Bartman remained seated as Fox repeatedly broadcast live shots of him between multiple replays of the foul ball. The somber image of Bartman wearing a Cubs baseball cap, glasses, headset, and green turtleneck shirt became memorable. Because there were no replay boards in Wrigley Field at the time, Bartman was not widely recognized until many of the attendees' friends and family members, who were watching the game on television, started calling them on cell phones, informing them of Bartman and his appearance. After Castillo's at bat ended with a walk, many Cubs fans began pointing at Bartman, repeatedly chanting "asshole". Bartman had to be led away from the park under security escort for his own safety, as many Cubs fans shouted insults and threats at him, while others threw things, with one fan dumping a cup of beer on him. Security escorted Bartman and two people who accompanied him to the game towards the exit tunnel from the field. News footage of the game showed him surrounded by security as fans pelted him with drinks and other debris. Bartman's name, as well as personal information about him, appeared on Major League Baseball's online message boards minutes after the game ended. As many as six police cars gathered outside his home in Northbrook, Illinois to protect Bartman and his family following the incident. Afterwards, then-Illinois Governor Rod Blagojevich suggested that Bartman join a witness protection program, while then-Florida Governor Jeb Bush offered Bartman asylum.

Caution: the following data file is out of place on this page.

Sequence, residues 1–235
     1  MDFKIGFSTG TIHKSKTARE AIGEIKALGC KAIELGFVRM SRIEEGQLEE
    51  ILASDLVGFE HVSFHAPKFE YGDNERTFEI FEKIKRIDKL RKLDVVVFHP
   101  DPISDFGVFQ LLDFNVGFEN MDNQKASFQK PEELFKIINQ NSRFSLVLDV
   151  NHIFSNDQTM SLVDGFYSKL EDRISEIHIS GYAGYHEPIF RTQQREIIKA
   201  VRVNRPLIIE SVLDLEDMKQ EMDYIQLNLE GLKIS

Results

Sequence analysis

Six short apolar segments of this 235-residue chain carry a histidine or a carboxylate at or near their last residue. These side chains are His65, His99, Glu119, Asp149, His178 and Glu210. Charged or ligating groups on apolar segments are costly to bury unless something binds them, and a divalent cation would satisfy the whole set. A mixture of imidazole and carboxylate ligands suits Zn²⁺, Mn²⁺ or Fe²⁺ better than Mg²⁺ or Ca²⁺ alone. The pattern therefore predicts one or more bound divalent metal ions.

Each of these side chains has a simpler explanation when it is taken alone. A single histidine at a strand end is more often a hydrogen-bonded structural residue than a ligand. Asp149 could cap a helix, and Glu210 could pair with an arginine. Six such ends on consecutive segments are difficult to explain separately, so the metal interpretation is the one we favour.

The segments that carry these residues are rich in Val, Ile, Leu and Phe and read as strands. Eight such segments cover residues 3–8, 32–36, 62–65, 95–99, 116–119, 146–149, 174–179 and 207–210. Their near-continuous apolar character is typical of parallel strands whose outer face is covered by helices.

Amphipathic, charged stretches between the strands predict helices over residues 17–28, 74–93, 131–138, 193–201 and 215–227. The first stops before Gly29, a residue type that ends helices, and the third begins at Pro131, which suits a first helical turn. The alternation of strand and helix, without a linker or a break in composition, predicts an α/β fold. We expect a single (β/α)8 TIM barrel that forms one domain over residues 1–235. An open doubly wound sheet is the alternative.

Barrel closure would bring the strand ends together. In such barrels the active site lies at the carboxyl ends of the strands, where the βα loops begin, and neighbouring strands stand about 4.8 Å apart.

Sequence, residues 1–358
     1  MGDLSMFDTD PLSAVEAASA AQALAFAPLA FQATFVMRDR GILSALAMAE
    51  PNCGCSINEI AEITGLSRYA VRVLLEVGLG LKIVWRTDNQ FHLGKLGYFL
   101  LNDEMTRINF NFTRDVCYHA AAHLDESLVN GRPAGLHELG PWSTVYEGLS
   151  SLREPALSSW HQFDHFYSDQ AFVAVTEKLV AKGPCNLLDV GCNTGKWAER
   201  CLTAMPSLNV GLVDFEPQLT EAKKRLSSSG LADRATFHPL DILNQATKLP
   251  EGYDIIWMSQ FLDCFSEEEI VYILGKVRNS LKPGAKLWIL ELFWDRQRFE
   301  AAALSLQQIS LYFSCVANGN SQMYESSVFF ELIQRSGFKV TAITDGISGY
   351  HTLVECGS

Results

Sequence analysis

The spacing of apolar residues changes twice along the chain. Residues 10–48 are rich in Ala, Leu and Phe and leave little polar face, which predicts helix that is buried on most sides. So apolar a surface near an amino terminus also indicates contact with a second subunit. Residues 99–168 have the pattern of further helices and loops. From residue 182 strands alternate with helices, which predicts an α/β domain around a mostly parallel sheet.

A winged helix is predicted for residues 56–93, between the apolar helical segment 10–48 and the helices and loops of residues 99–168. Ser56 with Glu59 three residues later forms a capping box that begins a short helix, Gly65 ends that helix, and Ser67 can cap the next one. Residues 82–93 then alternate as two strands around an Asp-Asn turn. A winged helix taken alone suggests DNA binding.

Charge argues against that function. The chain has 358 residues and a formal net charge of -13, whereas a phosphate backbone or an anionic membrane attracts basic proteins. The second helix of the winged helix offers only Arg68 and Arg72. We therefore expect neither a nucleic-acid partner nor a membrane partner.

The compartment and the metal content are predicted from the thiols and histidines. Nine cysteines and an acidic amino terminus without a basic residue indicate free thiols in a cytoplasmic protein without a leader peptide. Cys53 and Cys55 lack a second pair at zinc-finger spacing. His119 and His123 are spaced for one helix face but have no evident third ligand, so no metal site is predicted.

After the incident, Bartman released a statement, saying he was "truly sorry". He added, "I had my eyes glued on the approaching ball the entire time and was so caught up in the moment that I did not even see Moisés Alou, much less that he may have had a play." Trying to maintain a low profile, Bartman declined interviews, endorsement deals, and requests for public appearances, and his family changed their phone number to avoid harassing phone calls. He requested that any gifts sent to him by Florida Marlins fans be donated to the Juvenile Diabetes Research Foundation. In July 2008, Bartman was offered $25,000 to autograph a picture of himself at the National Sports Collectors Convention in Rosemont, but he refused the offer. He declined to appear as a VIP at Wrigley Field. In 2011, eight years after the incident, he declined to appear in an ESPN documentary, and he declined a six-figure offer to appear in a Super Bowl commercial.